Connect with us

Concert Reviews

The Psychedelic Furs

Published

on

 

It was 1986, I was 14 and. I was dressed in my cutest mall clothes and headed to Lenox Square movie theater to see “Pretty In Pink.”  Much like Molly Ringwald’s character Andie, I was quirky and desperate to gain attention from a boy who was way out of my league. The end of the movie gave me hope that some day, I too would get to make out with the crush of my dreams. The title of the movie was also a song by the band Psychedelic Furs. The song Pretty in Pink was track #2 on album Talk Talk Talk released in 1981. I had been a proud owner on the cassette for a couple of years prior the movie. I listened to the tape repeatedly alone in my bedroom dreaming of the day that some boy would find me pretty in pink or any other color for that matter.

Twenty plus years later, dressed in my cutest concert clothes, I headed to The Masquerade to see the Psychedelic Furs. A band that is known for a sound that is like velvet and cigarettes and songs about many subjects but most noticeably about love. The Furs got a start in the late 70s british punk scene and like many bands with their history have gone through different changes and stages.  Richard Butler is the smooth front man who started the band so many years ago, he is joined with him brother and bassist as the only two remaining original members of the band.Talk Talk Talk was once a big part of the soundtrack that played in my romantic teen ears and now is the basis for the bands current tour. The Furs are touring the U.S. playing the album in sequence and entirety as well as other favorite songs and hits.

Live video of The Psychedelic Furs earlier this year performing “Heaven”

[pro-player width=’530′ height=’353′ type=’video’]http://www.youtube.com/watch?v=nRKNFPAdLMg[/pro-player]

Butler was as dapper as ever and appeared to be gracious to the happy crowd. He moved back and forth, forward and back across the stage with moves that reminded me of Mick Jagger doing ballet. The biggest challenge I had of the night was trying to photograph and sing and dance at the same time. I was transported back in time. I was that 14-year-old girl again, this time though I was armed with confidence that I lacked as a youth and a cute boy by my side. I melted when Butler sang “Sleep With You” and “Love My Way” but my all time favorite was the song that opened the second set of the show “Sister Europe.”  The Psychedelic Furs haven’t let time hurt them in any way. They are by far one of my favorite bands to see live due to the fact that they still are full of real passion for performance. There is absolutely no going through the motions for them. They joy emanating from the stage is infectious.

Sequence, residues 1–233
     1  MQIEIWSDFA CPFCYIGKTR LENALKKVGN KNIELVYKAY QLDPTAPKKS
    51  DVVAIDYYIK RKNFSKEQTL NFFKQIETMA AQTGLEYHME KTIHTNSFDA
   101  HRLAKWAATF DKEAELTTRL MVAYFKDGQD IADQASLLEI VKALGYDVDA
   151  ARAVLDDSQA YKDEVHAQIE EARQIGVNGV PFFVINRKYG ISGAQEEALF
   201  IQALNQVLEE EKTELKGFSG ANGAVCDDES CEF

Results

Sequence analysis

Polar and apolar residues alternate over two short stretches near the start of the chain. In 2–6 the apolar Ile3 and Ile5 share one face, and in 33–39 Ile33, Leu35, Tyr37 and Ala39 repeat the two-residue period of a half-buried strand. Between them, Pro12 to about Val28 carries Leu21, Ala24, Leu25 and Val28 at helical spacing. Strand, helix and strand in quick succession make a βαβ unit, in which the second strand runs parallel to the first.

[nggallery id=305]

Concert Reviews

Jonah Parzen-Johnson at Lilypad

Published

on

Prev1 of 3Next
← → (arrow) keys to browse

Jonah Parzen-Johnson has an innate ability to make the baritone sax sound like bagpipes, and maybe that’s why I cried.

Mostly I cried because Jonah tells radiant stories with his saxophone and analog synth, working the brass and pedals to recreate the framework which surrounds his album Remember When Things Were Better Tomorrow: Parzen-Johnson wanted to make “something of myself that’s for everybody else.”

Jonah opened his set with “Stay There, I’ll Come to You,” showcasing the harmony between synth and sax right off the bat. With haunting lilts, the two combined into a ribbon of melody, pulsating inside the ear as well as the heart. Much like the song’s title, Jonah was the one approaching the audience as an experimental troubadour of tête-à-tête.

The back stories and thoughts behind each song tied in so well with the raw, almost throaty sax, developing such strong, emotional resonance with the musical layers. The skeleton shook.

Prev1 of 3Next
← → (arrow) keys to browse
Continue Reading

Concert Reviews

Speedy Ortiz “riiiiise above and gliiiiiide away” at The Sinclair

Published

on

Prev1 of 3Next
← → (arrow) keys to browse

The Sinclair was a packed house Wednesday night for the Speedy Ortiz CD release party; as a hometown gig for the Northampton, MA-based band, kinetic warmth buzzed through friends and fans alike as Sadie Dupuis and crew played their freshly-release Foil Deer track-by-track.

What’s a party without some guests, though? That’s where Krill and Mitski come in.

Krill kicked off the night with some tracks from A Distant Fist Unclenching, other goods from Lucky Leaves. Lead singer/bassist Jonah Furman brought to mind early (read: good) Billy Corgan, which I’m not sure he will appreciate. But I think he’ll appreciate this: I couldn’t stop laughing because then I kept thinking about Marilyn Manson telling Billy Corgan that he looked like Charlie Brown.

Opening with “Theme from Krill,” the Boston trio has a knack for rhythm and melody that burrows into your brain. The dreamy bleakness of “Purity of Heart.”  The discordant garage rock and hiccupping guitar and warbly Scooter-ness of “Foot.” Krill’s sound is a good, comfy noise that keeps you wiggling and all that good stuff. Be sure to catch the band at Boston Calling.

Prev1 of 3Next
← → (arrow) keys to browse
Continue Reading

Concert Reviews

Years & Years at Royale Boston

Published

on

Prev1 of 3Next
← → (arrow) keys to browse

During winter storm Juno, UK electro pop group Years & Years were forced to cancel the first show of their two-night stint in New York City back in January. After the snow finally melted, they made the rounds again this past March, playing several shows in California, South by Southwest before finally landing in Boston.

Due to popular demand, the show was moved from The Sinclair to the Royale in downtown’s Theater District.

Prev1 of 3Next
← → (arrow) keys to browse
Continue Reading

Trending